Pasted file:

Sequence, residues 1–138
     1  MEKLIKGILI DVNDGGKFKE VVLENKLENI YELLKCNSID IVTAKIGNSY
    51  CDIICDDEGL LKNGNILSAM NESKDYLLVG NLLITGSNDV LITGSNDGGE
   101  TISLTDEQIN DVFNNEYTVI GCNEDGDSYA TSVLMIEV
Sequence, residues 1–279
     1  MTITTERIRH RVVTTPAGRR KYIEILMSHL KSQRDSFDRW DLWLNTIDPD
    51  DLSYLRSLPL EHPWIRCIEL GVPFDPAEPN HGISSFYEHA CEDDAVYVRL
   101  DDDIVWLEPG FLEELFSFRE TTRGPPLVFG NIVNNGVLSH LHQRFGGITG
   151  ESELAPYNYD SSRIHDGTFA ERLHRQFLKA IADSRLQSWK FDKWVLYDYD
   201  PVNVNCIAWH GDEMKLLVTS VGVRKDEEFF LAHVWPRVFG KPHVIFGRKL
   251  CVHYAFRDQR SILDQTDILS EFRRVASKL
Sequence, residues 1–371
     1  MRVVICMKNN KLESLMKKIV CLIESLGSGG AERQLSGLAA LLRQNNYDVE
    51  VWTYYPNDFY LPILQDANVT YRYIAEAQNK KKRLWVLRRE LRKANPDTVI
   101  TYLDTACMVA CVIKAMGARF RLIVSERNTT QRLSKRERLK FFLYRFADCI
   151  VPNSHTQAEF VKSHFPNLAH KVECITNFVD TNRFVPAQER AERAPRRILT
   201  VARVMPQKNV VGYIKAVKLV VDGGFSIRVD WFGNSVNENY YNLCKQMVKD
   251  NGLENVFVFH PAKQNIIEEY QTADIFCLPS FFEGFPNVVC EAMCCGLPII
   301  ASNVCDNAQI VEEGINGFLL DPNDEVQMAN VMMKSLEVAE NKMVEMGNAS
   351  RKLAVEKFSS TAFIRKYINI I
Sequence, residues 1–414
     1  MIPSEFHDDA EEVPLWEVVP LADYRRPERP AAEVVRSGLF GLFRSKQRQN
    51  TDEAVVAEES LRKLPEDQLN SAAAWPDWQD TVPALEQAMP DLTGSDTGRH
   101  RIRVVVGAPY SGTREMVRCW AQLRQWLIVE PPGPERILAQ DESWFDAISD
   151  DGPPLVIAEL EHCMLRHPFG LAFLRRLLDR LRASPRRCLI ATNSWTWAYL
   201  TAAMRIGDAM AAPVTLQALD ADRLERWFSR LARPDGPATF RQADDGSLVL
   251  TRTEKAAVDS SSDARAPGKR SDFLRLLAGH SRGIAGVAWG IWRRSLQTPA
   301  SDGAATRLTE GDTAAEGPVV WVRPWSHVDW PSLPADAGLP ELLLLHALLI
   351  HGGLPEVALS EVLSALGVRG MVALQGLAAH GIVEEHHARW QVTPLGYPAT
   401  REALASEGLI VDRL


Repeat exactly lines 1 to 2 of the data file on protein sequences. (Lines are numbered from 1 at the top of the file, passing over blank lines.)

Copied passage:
Sequence, residues 1–138
     1  MEKLIKGILI DVNDGGKFKE VVLENKLENI YELLKCNSID IVTAKIGNSY